Raphael Saadiq Tour Profile

Feb 1, 2010 12:00 PM, By Gaby Alter

KEEPING A MOTOWN SOUND WITH HOUSE-PROVIDED GEAR

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Raphael Saadiq's vocal warmth is heard through a Shure SM58.

Raphael Saadiq's vocal warmth is heard through a Shure SM58.

Raphael Saadiq has covered a lot of ground in the music business. Following his days as the lead vocalist for the multi-Platinum R&B group Tony! Toni! Tone! in the late '80s and '90s, he went on to form Lucy Pearl with members of En Vogue and A Tribe Called Quest, and to write and produce for major artists including D'Angelo, Mary J. Blige and Earth, Wind & Fire. In the past decade, Saadiq has also gone solo, releasing two albums that garnered critical acclaim and eight Grammy nominations between them. While he has often fused the many genres he heard growing up in Oakland, Calif. — from hip-hop and rock to funk and soul — his latest release, The Way I See It (profiled in Mix's Jan. '09 issue), is a focused homage to the classic sounds of early Motown.

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“I'm not saying the Motown sound is me, but I was raised on a Fender Stratocaster and a Les Paul,” Saadiq says at his recent touring stop in New York City's Terminal 5. “They've been in my house consistently since I was born. I grew up playing Fender guitar and bass — they've been like a piece of furniture in the house, all the time, and I knew exactly what they were used for.”

Today, Saadiq takes this love for vintage gear and priceless instruments to create a mesmerizing live performance, complete with a six-piece band dressed in matching suits and ties — except for vocalist Erika Jerry, who is resplendent in a classy period dress. His act evokes Motown's heyday visually and musically, right down to the horn hits and synchronized dance moves. However, his eclectic side also comes through when he plays his more hip-hop- and rock-influenced songs from earlier albums.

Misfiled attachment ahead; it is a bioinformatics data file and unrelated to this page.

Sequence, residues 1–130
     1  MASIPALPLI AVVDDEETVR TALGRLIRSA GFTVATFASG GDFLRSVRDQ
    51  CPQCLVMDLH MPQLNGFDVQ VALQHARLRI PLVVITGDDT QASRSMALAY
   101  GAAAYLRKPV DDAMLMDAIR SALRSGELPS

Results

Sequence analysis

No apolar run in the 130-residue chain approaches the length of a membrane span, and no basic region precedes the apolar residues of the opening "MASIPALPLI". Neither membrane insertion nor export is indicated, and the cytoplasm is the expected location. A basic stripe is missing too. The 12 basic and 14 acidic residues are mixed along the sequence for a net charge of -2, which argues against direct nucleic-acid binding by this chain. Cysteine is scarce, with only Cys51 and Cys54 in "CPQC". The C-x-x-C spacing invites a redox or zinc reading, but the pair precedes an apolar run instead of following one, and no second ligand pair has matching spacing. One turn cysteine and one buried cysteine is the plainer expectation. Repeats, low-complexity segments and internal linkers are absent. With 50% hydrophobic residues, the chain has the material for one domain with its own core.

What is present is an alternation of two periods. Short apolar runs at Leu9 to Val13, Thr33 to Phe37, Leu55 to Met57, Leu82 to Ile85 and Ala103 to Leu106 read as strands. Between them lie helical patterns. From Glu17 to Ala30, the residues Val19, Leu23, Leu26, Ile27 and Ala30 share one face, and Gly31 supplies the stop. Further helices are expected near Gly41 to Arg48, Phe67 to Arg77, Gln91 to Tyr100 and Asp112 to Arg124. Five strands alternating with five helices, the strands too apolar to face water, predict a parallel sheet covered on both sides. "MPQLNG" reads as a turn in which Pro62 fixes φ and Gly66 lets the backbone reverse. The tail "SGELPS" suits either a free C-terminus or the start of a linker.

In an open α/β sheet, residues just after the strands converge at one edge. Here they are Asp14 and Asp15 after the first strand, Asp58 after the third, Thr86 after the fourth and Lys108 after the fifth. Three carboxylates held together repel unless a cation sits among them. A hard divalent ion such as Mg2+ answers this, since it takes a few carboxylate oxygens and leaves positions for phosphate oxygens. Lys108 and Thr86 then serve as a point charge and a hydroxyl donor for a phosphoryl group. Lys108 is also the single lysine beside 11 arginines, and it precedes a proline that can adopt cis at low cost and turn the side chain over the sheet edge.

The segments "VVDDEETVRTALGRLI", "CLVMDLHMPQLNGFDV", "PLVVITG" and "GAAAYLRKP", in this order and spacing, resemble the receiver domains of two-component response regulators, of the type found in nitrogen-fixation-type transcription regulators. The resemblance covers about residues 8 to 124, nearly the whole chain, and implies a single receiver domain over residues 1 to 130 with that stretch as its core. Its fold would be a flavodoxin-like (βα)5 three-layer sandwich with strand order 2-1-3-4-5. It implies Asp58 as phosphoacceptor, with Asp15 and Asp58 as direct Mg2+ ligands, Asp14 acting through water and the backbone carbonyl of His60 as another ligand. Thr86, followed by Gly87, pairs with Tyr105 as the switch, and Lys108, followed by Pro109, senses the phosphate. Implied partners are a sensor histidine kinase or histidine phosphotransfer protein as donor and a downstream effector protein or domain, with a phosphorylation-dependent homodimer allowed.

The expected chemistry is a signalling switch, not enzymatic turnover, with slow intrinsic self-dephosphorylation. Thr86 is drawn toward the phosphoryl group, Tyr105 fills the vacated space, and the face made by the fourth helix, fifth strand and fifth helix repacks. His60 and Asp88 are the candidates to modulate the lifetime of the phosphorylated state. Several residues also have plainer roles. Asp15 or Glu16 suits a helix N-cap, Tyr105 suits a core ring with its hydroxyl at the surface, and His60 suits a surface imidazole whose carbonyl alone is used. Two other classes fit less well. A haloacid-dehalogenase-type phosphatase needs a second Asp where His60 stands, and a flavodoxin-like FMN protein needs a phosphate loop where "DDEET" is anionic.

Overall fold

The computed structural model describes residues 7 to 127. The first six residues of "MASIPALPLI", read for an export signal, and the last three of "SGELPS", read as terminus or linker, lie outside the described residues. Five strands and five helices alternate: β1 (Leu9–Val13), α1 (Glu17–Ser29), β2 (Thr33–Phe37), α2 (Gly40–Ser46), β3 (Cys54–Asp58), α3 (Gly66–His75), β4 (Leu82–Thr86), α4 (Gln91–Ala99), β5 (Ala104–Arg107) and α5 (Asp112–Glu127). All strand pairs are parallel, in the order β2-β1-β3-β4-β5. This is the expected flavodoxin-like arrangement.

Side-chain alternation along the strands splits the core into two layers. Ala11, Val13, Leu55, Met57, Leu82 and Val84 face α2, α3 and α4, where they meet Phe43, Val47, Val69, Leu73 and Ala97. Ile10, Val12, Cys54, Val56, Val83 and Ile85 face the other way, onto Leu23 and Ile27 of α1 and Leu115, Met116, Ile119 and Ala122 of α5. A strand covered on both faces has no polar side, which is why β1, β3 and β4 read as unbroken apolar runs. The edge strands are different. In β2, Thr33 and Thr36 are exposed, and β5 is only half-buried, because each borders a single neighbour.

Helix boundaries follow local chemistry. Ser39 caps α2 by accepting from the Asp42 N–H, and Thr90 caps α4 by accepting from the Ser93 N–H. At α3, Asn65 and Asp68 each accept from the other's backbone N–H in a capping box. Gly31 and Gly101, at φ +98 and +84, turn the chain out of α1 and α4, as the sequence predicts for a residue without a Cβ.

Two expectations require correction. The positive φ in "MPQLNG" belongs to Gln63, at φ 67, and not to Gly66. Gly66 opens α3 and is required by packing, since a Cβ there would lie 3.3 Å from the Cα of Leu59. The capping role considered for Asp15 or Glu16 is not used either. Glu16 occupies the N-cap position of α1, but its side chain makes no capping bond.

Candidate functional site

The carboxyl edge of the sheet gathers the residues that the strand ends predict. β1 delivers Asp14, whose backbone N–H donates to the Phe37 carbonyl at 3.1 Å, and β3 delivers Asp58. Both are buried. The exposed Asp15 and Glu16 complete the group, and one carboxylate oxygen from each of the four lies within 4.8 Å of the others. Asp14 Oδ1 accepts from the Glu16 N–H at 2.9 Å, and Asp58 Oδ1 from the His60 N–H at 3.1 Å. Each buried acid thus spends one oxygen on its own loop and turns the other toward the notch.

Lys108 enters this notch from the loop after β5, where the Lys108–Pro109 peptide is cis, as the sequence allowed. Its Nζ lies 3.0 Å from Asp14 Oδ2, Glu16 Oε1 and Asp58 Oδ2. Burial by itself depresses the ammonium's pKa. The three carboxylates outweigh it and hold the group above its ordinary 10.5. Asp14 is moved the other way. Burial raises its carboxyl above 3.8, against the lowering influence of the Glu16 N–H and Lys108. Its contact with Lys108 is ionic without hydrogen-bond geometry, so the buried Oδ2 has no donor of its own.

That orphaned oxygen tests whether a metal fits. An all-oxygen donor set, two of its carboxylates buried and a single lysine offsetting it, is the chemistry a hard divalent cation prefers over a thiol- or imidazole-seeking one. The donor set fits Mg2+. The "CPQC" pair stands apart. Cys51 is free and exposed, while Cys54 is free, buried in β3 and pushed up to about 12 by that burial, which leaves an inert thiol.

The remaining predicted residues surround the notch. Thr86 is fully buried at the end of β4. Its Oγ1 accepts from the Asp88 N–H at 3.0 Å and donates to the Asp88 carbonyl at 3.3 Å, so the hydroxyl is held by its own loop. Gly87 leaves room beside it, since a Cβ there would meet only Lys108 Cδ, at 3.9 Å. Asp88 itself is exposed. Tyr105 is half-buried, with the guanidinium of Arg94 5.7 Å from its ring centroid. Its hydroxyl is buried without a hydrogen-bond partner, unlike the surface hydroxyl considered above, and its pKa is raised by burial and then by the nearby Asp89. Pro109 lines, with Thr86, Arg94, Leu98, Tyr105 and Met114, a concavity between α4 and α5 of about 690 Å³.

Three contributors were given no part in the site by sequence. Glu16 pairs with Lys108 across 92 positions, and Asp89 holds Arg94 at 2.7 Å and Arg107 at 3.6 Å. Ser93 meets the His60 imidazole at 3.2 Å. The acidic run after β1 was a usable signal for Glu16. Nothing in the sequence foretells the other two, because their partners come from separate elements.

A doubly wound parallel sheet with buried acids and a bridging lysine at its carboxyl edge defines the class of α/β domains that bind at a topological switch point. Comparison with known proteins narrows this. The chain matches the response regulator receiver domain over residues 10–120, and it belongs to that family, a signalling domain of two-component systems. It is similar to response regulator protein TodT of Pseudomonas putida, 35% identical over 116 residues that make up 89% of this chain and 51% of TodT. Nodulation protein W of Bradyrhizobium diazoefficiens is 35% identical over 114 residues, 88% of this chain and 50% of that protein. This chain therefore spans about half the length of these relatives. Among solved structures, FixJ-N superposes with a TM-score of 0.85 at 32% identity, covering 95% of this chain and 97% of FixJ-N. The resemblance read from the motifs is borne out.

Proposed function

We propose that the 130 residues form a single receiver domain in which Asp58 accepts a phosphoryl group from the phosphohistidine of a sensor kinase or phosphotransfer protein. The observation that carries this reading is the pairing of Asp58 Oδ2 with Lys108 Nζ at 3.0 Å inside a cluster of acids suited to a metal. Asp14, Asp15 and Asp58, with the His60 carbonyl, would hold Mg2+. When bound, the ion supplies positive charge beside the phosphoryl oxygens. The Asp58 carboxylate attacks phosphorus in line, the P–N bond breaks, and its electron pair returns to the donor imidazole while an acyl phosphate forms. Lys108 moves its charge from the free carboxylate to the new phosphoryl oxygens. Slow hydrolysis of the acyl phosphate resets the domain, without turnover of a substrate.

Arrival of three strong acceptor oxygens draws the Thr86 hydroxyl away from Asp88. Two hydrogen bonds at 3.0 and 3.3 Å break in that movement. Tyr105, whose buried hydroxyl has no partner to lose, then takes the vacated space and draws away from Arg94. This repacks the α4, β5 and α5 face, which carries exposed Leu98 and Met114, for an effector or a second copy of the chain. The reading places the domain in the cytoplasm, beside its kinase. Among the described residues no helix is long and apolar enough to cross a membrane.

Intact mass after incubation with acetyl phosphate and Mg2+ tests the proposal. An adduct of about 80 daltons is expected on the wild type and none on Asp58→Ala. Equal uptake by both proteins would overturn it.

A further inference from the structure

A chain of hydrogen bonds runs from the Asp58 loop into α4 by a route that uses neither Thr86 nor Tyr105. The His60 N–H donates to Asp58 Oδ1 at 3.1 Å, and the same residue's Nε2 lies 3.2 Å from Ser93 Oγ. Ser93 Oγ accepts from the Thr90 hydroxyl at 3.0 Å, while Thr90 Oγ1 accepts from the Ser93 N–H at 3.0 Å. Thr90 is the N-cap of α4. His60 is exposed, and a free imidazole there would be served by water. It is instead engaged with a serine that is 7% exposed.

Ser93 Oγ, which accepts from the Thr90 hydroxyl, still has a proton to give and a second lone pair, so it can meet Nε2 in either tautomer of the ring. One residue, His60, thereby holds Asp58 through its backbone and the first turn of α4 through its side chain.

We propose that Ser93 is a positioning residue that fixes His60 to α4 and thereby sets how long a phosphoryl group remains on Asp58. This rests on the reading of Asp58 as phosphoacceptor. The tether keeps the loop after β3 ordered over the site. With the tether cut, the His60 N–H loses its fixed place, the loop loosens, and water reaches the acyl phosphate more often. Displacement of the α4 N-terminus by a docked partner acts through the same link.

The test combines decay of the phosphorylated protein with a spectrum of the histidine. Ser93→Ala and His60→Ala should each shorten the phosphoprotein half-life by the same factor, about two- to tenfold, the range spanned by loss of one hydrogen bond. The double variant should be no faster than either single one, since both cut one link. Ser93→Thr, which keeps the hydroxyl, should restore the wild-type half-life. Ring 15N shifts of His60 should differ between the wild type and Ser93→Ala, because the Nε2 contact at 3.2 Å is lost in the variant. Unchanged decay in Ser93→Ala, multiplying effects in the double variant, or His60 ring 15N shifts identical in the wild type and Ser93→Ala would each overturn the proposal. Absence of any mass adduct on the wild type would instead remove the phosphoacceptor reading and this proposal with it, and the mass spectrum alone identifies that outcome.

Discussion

To help translate Saadiq's sound to a live setting, his engineers do everything they can to warm things up. Front-of-house engineer Kenyatta Kelo Saunders (a Grammy-winning engineer/producer) uses a Native Instruments Guitar Rig to help get a vintage sound, as well as Apogee's Symphony Mobile. And while the tour doesn't carry any other gear, their tech rider requests all-tube amps for the band's backline: Ampeg Classic SVT for the bass with an 810 tube amp and Fender Twins for guitars.

Monitor engineer Jon Lammi and FOH engineer Kenyatta Kelo Saunders at Terminal 5's Yamaha PM5D desk

Monitor engineer Jon Lammi and FOH engineer Kenyatta Kelo Saunders at Terminal 5's Yamaha PM5D desk

“We've been adjusting the stage setup a little bit,” says monitor engineer Jon Lammi, formerly with Aerosmith and Blue Man Group. “Rob Bacon, our lead guitar player, has been sometimes using a single Fender Twin, sometimes two Twins in stereo. And Raphael has been using a single Twin. For some reason tonight, we couldn't get Twins so we have four Fender Deluxes, re-issues. They're circuit-board-printed, not point-to-point, and they're not vintage at all, but they're modeled after [the old Fender Deluxes].”

Sorting Through a Club's Racks

For their show in New York, the engineers are mixing on the venue's Yamaha PM5D desks. Saunders — who has mixed live for Jay-Z, The Roots and Joss Stone — generally doesn't prefer digital consoles. “I'm a Midas dude,” he says. “Give me some analog warmth, especially for this band — it deserves to have vintage gear. A couple of tours ago, I carried a rack that had a whole bunch of stuff in it. But with us flying and doing all this different stuff, the rack was just too expensive to carry. I think we'd rather have horns versus the rack, you know?”

Although they carry no outboard gear, Saunders does like to throw some effects into the mix. “I play with delays a lot,” he says. “I lucked out and got a TC Electronic D2 delay today from Marciano [Saadiq's manager], so at least I can tap the delay out. I put them on the vocals to carry whatever [Saadiq] is saying, to add more drama. I put them on the guitar at points too, sometimes even the toms.

“I'm a really aggressive mixer,” he continues. “The drums are going to be in your face, the bass is definitely going to move you. Everything jumps out of the speakers — especially with this band because they're just so awesome! When they hit, you want to feel it — bap bap!”






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